We recently had our second baby. But we didn’t go into the situation lightly. Even though we’d been successful with our first child, we had a number of conversations and concerns to go along with the planning for our second. In my opinion, having a child is never something to be taken lightly…especially for the carrying parent (i.e. mom). Therefore, there were a number of topics we touched upon before having another baby.
How Much Will a Baby Cost?
Figuring out how much a baby will cost isn’t always that easy. There are the preparatory expenses for things like furniture, clothing, and doctors visits. There are the birthing costs. There are the costs after baby arrives that include food, diapers, wipes, more clothing, more doctors visit, medicine, and all the rest.
To get a better feel on our costs, we sat down and discussed our current insurance coverage and limit amounts to get an idea of how much we’d be paying in out-of-pocket costs for medical bills. Then we also came up with a general budget breakdown based upon what supplies we’d need to buy up front (baby swing, playard, clothing, car seat, etc.) and what general costs would be after the baby’s birth for things like diapers, wipes, food, and similar items. This way, we were both on the same page when it came to the costs involved with our second child.
Childcare and Career Affects
Childcare and the effects of a baby upon our careers could have some of the most significant financial impacts upon us. Coming up with a plan as to who was going to watch the baby, how maternity leave would be handled and for how long, and how we would integrate the care of our baby with the care of our five-year-old who is attending half-day kindergarten, were all aspects of our pre-baby discussions.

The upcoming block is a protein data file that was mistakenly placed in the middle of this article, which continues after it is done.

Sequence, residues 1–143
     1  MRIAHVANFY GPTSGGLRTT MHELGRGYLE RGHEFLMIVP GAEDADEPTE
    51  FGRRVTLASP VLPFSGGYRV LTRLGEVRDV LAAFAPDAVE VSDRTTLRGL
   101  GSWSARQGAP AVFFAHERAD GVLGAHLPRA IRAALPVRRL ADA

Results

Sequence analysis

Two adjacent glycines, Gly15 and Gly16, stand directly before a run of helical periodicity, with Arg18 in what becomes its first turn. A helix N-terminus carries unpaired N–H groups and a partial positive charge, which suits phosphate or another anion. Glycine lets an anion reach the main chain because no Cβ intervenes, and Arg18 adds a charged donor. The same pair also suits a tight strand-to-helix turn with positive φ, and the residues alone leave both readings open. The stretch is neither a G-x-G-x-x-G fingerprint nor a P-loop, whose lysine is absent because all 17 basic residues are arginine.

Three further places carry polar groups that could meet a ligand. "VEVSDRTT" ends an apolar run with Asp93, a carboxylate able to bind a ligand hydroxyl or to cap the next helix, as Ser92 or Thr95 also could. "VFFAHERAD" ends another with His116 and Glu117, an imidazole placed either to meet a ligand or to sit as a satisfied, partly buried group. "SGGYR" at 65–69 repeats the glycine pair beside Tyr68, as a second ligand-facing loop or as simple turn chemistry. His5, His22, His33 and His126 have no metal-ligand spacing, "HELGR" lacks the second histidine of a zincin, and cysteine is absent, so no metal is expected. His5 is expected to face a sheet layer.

Short-term Finances and Emergency Funds
With my wife being off for the summer before the baby was born, and then taking another three months for maternity leave, plus buying a home during the pregnancy period, ensuring that our short-term finances were in order was of significant importance to us. We didn’t want cash flow issues, and with a child on the way, we wanted to ensure that we had an ample emergency fund on hand to cover any unforeseen issues. Laying out our baby costs and budget was helpful, but we also had to take time to sit down and review our overall financial situation and do some forecasting for the months after baby was born to ensure proper cash flow.
In my opinion, even mothers in the best physical shape and who take great care of themselves are at risk for issues during pregnancy. You just never know what could happen during surgery, and having a baby can result in major surgery. My wife — a type 1 diabetic — is already a higher risk pregnancy, and we were planning for a c-section, so while it wasn’t a fun topic, discussing how these issues could affect the pregnancy as well as the risks involved were all part of our pre-baby discussions.
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